“'But do not be a fool, Mimi,' she would say. 'Am I God? Can I do miracles? Or must I humiliate your papa?'

“That was true. Poor papa! It would have humiliated papa. When he had money he gave; only it was a pity he had no money. As for what he observed, he thought it was Clementine's negligence. For, it is true, Clementine had no order, no industry, in the best of fortune as in the worst. But to do her justice, it was not her fault this time, only she let him believe it, to save his pride; and Clementine, you know, has a genius for stories. I assure you, Louise, I was desperate. I prayed to God to help me, to advise me. I could not teach—I had no education; I could not go into a shop—that would be dishonoring papa—and enfin, I was too pretty. 'And proclaim to the world,' Clementine would cry, 'that your papa does not make money for his family.' That was true. The world is so malicious. You know, Louise, sometimes it seems to me the world is glad to hear that a man cannot support his family; it compliments those who can. As if papa had not intelligence, and honor, and honesty! But they do not count now as in old times, 'before the war.'

“And so, when I thought of that, I laughed and talked and played the thoughtless like Clementine, and made bills. We made bills—we had to—for everything; we could do that, you know, on our old name and family. But it is too long! I am sure it is too long and tiresome! What egotism on my part! Come, we will take a glass of anisette, and talk of something else—your trip, your family. No? no? You are only asking me out of politeness! You are so aimable, so kind. Well, if you are not ennuyee—in fact, I want to tell you. It was too long to write, and I detest a pen. To me there is no instrument of torture like a pen.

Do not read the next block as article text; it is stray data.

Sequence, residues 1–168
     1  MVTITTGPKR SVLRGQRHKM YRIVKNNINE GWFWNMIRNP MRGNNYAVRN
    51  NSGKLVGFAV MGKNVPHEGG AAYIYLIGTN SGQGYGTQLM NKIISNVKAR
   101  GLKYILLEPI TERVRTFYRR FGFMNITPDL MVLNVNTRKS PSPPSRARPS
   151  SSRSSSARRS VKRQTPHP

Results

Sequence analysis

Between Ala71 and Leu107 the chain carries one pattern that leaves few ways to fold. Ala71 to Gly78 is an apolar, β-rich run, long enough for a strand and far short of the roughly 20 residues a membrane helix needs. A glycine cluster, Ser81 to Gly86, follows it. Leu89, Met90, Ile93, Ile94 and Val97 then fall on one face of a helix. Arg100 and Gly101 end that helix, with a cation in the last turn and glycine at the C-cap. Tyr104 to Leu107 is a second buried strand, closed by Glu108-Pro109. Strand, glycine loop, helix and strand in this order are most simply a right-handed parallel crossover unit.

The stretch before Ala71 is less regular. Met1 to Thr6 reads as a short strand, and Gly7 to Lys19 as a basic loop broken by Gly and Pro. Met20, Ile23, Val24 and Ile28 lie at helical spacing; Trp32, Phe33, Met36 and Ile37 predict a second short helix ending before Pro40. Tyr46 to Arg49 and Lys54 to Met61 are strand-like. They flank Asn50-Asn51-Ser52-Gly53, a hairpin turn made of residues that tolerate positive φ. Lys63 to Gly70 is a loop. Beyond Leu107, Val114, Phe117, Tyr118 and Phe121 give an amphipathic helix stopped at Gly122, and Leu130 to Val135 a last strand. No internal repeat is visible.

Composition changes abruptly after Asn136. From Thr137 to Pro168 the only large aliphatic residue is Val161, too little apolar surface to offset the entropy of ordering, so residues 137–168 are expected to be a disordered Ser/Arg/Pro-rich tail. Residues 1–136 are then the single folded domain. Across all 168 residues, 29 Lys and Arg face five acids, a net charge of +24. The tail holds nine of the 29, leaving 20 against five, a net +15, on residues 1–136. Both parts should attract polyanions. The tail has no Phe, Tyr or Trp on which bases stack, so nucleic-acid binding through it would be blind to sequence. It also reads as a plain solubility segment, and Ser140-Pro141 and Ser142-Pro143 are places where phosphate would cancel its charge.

“Well, the lady next door, she was an American, and common, very common, according to papa. In comparison to us she had no family whatever. Our little children were forbidden even to associate with her little children. I thought that was ridiculous—not that I am a democrat, but I thought it ridiculous. But the children cared; they were so disobedient and they were always next door, and they always had something nice to eat over there. I sometimes thought Clementine used to encourage their disobedience, just for the good things they got to eat over there. But papa was always making fun of them; you know what a sharp tongue he had. The gentleman was a clerk; and, according to papa, the only true gentlemen in the world had family and a profession. We did not dare allow ourselves to think it, but Clementine and I knew that they, in fact, were in more comfortable circumstances than we.

“The lady, who also had a great number of children, sent one day, with all the discretion and delicacy possible, and asked me if I would be so kind as to—guess what, Louise! But only guess! But you never could! Well, to darn some of her children's stockings for her. It was God who inspired her, I am sure, on account of my praying so much to him. You will be shocked, Louise, when I tell you. It sounds like a sin, but I was not in despair when papa died. It was a grief,—yes, it seized the heart, but it was not despair. Men ought not to be subjected to the humiliation of life; they are not like women, you know. We are made to stand things; they have their pride,—their orgueil, as we say in French,—and that is the point of honor with some men. And Clementine and I, we could not have concealed it much longer. In fact, the truth was crying out everywhere, in the children, in the house, in our own persons, in our faces. The darning did not provide a superfluity, I guarantee you!

“Poor papa! He caught cold. He was condemned from the first. And so all his fine qualities died; for he had fine qualities—they were too fine for this age, that was all. Yes; it was a kindness of God to take him before he found out. If it was to be, it was better. Just so with Clementine as with me. After the funeral—crack! everything went to pieces. We were at the four corners for the necessaries of life, and the bills came in—my dear, the bills that came in! What memories! what memories! Clementine and I exclaimed; there were some bills that we had completely forgotten about. The lady next door sent her brother over when papa died. He sat up all night, that night, and he assisted us in all our arrangements. And he came in afterward, every evening. If papa had been there, there would have been a fine scene over it; he would have had to take the door, very likely. But now there was no one to make objections. And so when, as I say, we were at the four corners for the necessaries of life, he asked Clementine's permission to ask me to marry him.